Financial wellness is all about being in a good place with yourself where you’re spending and saving money thoughtfully and where your behaviours and views around personal finance contribute positively to your long and short-term goals.
It also means having peace of mind so that, when an unexpected bill comes along, you won’t be caught out.
As the average Briton spends 84,365 hours working in their lifetime, it’s imperative that financial wellbeing is promoted in the workplace. And if financial wellbeing is not great, then this is going to impact your working day.
However, research shows that, although 65% of employees say that financial wellness in the workplace is really important to them, just 7% of employers actually provide any sort of support.
Consider the seven ways that you can help your employees with their financial wellbeing, while alleviating some of the stress that comes with living in the 21st Century.
Knowledge is key
For many people, money means security, freedom and peace of mind, so it’s unsurprising that financial struggles can often lead to stress, anxiety, insomnia and other related issues, which have a direct impact on someone’s ability to function at work.
Consider offering up access to financial advice in the workplace, whether this is a safe space for your employees to discuss their financial situations and work out what’s best for them, or a hub of useful information – such as guides, online tools, webinars – that they can access if, and when, they want.
Ask the questions
“Do I know what my employees are worried about? Debt? Mortgage? Pension”
Things that you think will be beneficial to your employees may not actually be right for them. Ask your employees what they think would improve their financial health. Listen to them and consider their input.
Talk to them about the benefits packages on offer and if they work well. Your aim here is to improve the workplace experience and, by doing this, you are showing employees that you value and care for them. It's simple really. Listen, then act upon what you hear.
Research by Aegon found that nearly 40% of people in the UK are worried about their ability to retire comfortably, with many having no idea how much they are saving into their pension.
Good news for workers is that the employer’s pension contribution has risen to a minimum of 3%. This isn’t massive, but will help in the long run.
You, the employer, can help further ease this worry. Consider offering higher employer contributions than the required minimum, along with an offer of pensions advice to help with understanding of the benefits of investing in a pension plan, this is especially important for younger workers, many of whom may feel that saving for retirement – something that seems so far away – is unnecessary. Some refer to this as a 'live for the now' mentality...or is it just about enjoying your youth?! I can't remember!
Workplace savings do not stop at pension packs – many companies are now offering other tax-efficient saving and investment options.
Research has revealed that one third of UK workers have no savings or investments and one in 20 said they would struggle to last a week without being paid should they lose their job or become ill. Schemes like this can really help to kick-start someone’s saving and help them to build a financial safety net. Again - listen and hear what is important to your own employee population. Make it relevant.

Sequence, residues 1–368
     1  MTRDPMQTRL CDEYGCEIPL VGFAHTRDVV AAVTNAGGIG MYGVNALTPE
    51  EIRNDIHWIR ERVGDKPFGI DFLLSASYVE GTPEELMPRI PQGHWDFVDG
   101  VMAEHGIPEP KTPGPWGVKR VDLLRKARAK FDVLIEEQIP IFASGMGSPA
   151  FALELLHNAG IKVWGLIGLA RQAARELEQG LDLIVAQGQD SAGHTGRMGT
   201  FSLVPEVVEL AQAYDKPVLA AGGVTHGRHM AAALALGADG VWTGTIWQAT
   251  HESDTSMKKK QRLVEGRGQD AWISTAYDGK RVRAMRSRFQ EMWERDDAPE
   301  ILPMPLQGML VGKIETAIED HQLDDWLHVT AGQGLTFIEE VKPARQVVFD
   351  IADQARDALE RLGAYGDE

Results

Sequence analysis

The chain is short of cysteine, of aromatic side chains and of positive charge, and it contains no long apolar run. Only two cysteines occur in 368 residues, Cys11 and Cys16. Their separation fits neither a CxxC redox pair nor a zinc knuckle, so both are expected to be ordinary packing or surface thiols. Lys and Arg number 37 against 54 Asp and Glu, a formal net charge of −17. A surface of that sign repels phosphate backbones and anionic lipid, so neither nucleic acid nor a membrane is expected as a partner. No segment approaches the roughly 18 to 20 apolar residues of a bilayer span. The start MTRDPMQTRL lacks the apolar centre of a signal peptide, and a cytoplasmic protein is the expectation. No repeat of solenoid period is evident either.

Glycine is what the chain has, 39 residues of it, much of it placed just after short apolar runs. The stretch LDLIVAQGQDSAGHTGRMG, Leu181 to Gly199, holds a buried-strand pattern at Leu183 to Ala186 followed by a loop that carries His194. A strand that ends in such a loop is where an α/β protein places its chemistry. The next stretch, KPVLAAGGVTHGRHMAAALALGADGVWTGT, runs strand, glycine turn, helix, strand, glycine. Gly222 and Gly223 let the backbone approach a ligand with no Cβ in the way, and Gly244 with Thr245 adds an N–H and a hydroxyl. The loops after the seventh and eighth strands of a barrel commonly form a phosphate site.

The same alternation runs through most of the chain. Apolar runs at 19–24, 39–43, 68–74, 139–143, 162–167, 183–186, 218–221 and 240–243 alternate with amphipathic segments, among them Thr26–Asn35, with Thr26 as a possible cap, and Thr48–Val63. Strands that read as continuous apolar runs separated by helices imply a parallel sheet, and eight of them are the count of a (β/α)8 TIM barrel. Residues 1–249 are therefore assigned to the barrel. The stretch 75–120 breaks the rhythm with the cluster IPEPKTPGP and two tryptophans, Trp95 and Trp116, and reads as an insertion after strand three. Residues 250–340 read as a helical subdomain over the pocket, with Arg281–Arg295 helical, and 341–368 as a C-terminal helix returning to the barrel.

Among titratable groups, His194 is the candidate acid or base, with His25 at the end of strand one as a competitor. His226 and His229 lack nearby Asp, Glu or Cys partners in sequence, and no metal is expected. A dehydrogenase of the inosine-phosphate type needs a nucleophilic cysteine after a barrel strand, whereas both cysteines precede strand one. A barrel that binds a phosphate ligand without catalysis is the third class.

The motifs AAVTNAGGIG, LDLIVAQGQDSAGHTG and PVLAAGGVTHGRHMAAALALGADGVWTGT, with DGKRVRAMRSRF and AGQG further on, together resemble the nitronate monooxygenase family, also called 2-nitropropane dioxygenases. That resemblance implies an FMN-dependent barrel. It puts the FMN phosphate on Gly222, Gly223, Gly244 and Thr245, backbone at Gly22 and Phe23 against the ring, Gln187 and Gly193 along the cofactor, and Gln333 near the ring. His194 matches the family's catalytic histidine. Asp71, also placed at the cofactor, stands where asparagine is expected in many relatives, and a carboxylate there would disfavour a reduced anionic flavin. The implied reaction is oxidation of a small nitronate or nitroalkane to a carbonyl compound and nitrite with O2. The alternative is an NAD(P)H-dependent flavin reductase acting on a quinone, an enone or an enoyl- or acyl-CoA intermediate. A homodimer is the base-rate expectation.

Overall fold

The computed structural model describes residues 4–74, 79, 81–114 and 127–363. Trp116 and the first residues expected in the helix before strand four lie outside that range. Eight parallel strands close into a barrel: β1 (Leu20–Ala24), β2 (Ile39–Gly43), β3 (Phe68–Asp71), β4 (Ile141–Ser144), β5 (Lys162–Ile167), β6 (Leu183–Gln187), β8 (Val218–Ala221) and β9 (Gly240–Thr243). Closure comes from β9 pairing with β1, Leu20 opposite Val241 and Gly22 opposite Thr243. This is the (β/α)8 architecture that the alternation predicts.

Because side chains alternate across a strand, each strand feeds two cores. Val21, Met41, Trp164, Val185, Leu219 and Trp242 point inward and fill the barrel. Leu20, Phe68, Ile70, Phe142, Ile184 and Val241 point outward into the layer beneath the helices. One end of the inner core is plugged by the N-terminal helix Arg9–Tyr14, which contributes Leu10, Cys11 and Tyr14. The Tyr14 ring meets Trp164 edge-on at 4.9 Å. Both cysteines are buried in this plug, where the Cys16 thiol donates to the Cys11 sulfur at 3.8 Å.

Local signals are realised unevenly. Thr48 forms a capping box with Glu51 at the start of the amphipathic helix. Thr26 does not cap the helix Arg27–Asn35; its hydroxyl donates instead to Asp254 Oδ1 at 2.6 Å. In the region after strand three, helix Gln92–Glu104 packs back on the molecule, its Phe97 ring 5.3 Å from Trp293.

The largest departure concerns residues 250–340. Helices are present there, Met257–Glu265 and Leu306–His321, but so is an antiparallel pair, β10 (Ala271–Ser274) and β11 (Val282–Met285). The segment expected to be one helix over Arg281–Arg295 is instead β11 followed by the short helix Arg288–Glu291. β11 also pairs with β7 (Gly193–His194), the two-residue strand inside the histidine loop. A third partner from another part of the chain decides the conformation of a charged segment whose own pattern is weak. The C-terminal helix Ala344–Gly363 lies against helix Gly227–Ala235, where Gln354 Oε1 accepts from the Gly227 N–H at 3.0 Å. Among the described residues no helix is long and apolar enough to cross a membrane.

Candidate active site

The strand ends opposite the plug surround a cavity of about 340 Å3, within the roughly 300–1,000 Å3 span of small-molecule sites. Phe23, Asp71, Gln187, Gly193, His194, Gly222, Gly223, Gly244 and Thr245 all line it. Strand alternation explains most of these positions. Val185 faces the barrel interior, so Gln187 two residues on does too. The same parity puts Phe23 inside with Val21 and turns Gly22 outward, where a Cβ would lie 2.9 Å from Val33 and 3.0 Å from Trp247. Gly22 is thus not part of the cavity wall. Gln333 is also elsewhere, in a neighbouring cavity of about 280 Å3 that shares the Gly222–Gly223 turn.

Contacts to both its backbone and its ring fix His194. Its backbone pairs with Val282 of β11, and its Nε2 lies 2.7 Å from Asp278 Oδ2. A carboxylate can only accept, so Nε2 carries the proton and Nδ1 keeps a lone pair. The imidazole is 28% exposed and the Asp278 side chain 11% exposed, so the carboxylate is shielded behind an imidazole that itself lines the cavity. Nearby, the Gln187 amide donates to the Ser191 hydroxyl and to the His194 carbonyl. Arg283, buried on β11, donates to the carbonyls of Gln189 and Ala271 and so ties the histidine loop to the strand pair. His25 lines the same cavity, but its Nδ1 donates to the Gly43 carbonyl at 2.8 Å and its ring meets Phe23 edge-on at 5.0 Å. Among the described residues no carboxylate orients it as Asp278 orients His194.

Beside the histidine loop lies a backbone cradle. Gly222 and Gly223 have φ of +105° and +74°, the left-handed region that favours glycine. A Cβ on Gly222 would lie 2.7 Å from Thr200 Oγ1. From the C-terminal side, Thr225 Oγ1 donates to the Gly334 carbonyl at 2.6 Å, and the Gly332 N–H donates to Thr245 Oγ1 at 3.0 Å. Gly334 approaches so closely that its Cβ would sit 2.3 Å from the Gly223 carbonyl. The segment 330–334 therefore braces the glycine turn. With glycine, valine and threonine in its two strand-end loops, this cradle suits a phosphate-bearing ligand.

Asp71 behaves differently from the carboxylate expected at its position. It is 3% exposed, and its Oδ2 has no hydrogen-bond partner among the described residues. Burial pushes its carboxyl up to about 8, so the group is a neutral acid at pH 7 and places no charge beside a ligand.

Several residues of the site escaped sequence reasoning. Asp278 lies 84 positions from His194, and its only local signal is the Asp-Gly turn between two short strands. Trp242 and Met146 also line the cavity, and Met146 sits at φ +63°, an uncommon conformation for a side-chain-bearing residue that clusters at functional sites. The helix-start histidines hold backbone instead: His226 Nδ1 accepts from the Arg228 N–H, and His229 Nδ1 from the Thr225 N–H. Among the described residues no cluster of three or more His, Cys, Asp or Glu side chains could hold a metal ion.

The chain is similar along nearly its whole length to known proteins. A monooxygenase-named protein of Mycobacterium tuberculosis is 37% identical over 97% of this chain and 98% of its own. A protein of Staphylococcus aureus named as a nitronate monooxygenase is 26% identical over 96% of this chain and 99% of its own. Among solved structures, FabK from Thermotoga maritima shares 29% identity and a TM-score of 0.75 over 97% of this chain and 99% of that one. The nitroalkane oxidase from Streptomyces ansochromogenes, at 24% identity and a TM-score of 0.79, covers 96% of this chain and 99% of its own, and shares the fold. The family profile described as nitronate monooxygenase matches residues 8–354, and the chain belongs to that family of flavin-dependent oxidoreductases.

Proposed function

Salary sacrifice schemes
Salary sacrifice is when an employee agrees to exchange part of his or her salary in order to get extra benefits from their employer. These can be a great plus for your employees, so definitely worth considering offering these up. They also mean that you, as an employer, may benefit from paying less in NIC tax as your employees are (theoretically) earning less money, so it’s a win on both parties.
It’s important to note here that, in 2017, the Government changed rules around salary sacrifice schemes in the UK, excluding things like company cars, work-related training, mobile phones and gym membership. However, the following are still valid under the scheme’s rules and can be offered as tax-friendly incentive schemes: pensions (including advice), childcare, cycle-to-work schemes and ultra low-emission cars.
You can find out more about how to set these up, and what they mean to you as as an employer, here.
Through little expense to the employer, offering a discount and reward scheme to your employees can be a great way to build relationships and ease the pinch of rising living costs.
There are a range of loyalty and rewards schemes employers can register with which give employees access to a whole load of discounts on goods and services online. It’s also worth exploring the area around your office, as many shops and restaurants offer discounts to those working locally. Everybody loves a bargain!
It’s not all about workplace perks – and we get that. But, increasingly, job seekers are looking for careers that benefit both their working and non-working lives, so it’s worth considering what you can do here too. You also want to show that you care about them so, by easing the financial worry that day-to-day activities often bring, you can do that.
Work perks and benefits to consider are: gym memberships / fitness classes, healthcare plans, refreshments/lunch, mentoring, wellness activities, flexible working hours, personal care services and volunteer time exchange.
By implementing some of these, you put your company well ahead of the competition for talent acquisition in your area by showing your employee value proposition is targeted at aiding the financial (and mental) wellbeing of your employees. Not only will this make for a happier and healthier workplace, but will also help with productivity levels and staff retention in the long run.
Ultimately, like everything in life, understanding starts with empathy.